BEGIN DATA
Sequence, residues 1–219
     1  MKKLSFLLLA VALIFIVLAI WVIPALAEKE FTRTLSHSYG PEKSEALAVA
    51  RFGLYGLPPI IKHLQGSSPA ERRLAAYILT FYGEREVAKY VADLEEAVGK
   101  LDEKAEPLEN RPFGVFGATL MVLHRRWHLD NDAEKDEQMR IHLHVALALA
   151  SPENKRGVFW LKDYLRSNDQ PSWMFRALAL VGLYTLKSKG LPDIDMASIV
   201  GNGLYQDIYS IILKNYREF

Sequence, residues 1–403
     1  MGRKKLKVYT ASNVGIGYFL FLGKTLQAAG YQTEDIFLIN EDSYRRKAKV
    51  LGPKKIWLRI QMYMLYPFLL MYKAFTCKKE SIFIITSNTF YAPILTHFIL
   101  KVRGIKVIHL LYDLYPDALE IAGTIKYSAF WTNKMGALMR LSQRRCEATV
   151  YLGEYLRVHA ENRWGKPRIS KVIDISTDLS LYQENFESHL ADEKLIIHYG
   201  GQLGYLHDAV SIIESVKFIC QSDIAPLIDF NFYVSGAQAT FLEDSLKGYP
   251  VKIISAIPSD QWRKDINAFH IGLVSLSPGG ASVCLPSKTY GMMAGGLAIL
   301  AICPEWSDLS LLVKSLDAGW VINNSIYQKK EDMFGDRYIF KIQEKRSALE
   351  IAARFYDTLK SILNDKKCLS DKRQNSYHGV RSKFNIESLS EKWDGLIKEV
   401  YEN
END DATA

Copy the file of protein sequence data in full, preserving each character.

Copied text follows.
Sequence, residues 1–219
     1  MKKLSFLLLA VALIFIVLAI WVIPALAEKE FTRTLSHSYG PEKSEALAVA
    51  RFGLYGLPPI IKHLQGSSPA ERRLAAYILT FYGEREVAKY VADLEEAVGK
   101  LDEKAEPLEN RPFGVFGATL MVLHRRWHLD NDAEKDEQMR IHLHVALALA
   151  SPENKRGVFW LKDYLRSNDQ PSWMFRALAL VGLYTLKSKG LPDIDMASIV
   201  GNGLYQDIYS IILKNYREF

Sequence, residues 1–403
     1  MGRKKLKVYT ASNVGIGYFL FLGKTLQAAG YQTEDIFLIN EDSYRRKAKV
    51  LGPKKIWLRI QMYMLYPFLL MYKAFTCKKE SIFIITSNTF YAPILTHFIL
   101  KVRGIKVIHL LYDLYPDALE IAGTIKYSAF WTNKMGALMR LSQRRCEATV
   151  YLGEYLRVHA ENRWGKPRIS KVIDISTDLS LYQENFESHL ADEKLIIHYG
   201  GQLGYLHDAV SIIESVKFIC QSDIAPLIDF NFYVSGAQAT FLEDSLKGYP
   251  VKIISAIPSD QWRKDINAFH IGLVSLSPGG ASVCLPSKTY GMMAGGLAIL
   301  AICPEWSDLS LLVKSLDAGW VINNSIYQKK EDMFGDRYIF KIQEKRSALE
   351  IAARFYDTLK SILNDKKCLS DKRQNSYHGV RSKFNIESLS EKWDGLIKEV
   401  YEN